Thursday, June 15, 2006

Global warming and breastfeeding

In Al Gore's book from the 1980s, he highlights breastfeeding as one way to serve the earth's ecology.

We found this intriguing when first read years ago, so we wrote up the concept in an article for a conference on Breastfeeding as a Women's Issue held at Georgetown University in the early 1990s.

Here's the jist of it:

Breastfeeding causes no plastic or pharmaceutical waste production.

Breastfeeding causes no dairy pollution, including methane and waste run off.

Breastfeeding demands no fossil fuel for its preparation.

Breastfeeding helps space births, especially if the Lactational Amenorrhea Method is used, which lets the mom know when other birth control is needed to ensure adequate spacing.

Also, while not in the article,

Lack of breastfeeding causes excess illness, demanding excess use of antibiotics, not always used properly, contributing to development of resistant strains.


Lack of breastfeeding also causes excess mortality globally, and, yes, here in the United States. Somehow, excess mortality does not seem like a good thing, ecologically, or any other way.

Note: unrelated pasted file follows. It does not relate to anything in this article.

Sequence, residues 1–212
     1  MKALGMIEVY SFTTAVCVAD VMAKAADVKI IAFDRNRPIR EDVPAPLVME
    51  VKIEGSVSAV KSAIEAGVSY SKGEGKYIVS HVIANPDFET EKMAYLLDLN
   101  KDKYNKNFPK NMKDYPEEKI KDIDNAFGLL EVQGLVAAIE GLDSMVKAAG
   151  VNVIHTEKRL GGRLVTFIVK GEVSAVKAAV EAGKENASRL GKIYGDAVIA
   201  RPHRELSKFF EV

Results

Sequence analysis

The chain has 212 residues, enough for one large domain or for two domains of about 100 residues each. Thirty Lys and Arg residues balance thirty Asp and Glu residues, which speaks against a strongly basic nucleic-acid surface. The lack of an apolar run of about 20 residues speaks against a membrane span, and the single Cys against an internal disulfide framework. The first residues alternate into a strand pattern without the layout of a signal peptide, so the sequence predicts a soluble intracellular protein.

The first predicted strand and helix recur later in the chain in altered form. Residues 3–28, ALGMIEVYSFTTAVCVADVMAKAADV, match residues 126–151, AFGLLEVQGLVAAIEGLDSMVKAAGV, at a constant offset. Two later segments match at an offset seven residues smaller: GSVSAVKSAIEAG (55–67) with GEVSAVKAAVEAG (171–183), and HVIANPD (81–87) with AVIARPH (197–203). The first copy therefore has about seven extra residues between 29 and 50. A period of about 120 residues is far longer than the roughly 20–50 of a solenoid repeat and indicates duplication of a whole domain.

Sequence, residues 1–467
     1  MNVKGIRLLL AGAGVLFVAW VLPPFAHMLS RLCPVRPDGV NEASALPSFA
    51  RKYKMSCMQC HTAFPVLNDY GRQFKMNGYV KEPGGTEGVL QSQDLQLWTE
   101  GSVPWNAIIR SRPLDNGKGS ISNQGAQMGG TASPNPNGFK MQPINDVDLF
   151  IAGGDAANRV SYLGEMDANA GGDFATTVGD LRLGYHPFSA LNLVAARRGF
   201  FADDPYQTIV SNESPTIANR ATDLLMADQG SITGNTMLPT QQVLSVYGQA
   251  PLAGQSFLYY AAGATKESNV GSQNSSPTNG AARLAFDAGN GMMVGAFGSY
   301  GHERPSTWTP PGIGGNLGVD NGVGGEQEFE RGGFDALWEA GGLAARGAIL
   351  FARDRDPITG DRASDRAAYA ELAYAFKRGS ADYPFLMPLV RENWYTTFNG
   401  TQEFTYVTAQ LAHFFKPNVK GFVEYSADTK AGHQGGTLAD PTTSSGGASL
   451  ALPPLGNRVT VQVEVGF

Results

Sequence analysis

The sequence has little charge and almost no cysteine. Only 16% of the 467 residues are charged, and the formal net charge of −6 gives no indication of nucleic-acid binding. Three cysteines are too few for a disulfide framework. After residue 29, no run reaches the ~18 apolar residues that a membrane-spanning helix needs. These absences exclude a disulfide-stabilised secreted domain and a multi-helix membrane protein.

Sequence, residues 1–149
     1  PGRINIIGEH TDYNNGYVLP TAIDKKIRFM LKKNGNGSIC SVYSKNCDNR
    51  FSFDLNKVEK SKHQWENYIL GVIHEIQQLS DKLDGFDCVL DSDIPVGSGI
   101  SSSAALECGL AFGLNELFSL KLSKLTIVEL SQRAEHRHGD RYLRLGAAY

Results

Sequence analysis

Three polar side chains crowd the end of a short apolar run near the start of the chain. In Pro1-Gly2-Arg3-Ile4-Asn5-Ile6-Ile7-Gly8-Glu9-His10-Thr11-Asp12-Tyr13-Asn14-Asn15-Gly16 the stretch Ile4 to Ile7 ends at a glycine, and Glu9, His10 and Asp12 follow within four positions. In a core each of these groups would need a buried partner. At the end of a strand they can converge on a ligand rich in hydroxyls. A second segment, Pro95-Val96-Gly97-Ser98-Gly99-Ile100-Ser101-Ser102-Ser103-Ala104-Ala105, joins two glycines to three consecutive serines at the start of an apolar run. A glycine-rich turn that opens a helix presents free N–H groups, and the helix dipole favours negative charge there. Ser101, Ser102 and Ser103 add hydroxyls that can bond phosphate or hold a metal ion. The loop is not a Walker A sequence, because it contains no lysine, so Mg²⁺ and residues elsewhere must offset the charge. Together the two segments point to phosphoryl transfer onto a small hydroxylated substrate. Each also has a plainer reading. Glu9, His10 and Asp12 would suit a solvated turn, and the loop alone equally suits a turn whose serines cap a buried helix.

Finally, to end on a lighter note, non-breastfed babies produce smellier, more copious stools.

So, for the environment of the earth (and for the environment of those who live with the baby) breastfeeding is the way to go.

Now, if only our social systems would support it...

Flurry about breast bullies: Who are the real bullies?

Where is this anger coming from? Let's trace it to the source...

Several persons and media are describing feeling bullied by breastfeeding support work and ad campaigns.

From my perspective, the anger at feeling "bullied" is fully justified. But why not trace it to the proper source?

Folks support breastfeeding because, indeed, it is the physiological norm, and the undisputed way to reduce short and long term child illness as well as to reduce risks of some cancer and chronic diseases for moms. Lack of breastfeeding is associated with immune system deficiencies and risk of contamination that cannot be corrected by any formula anywhere.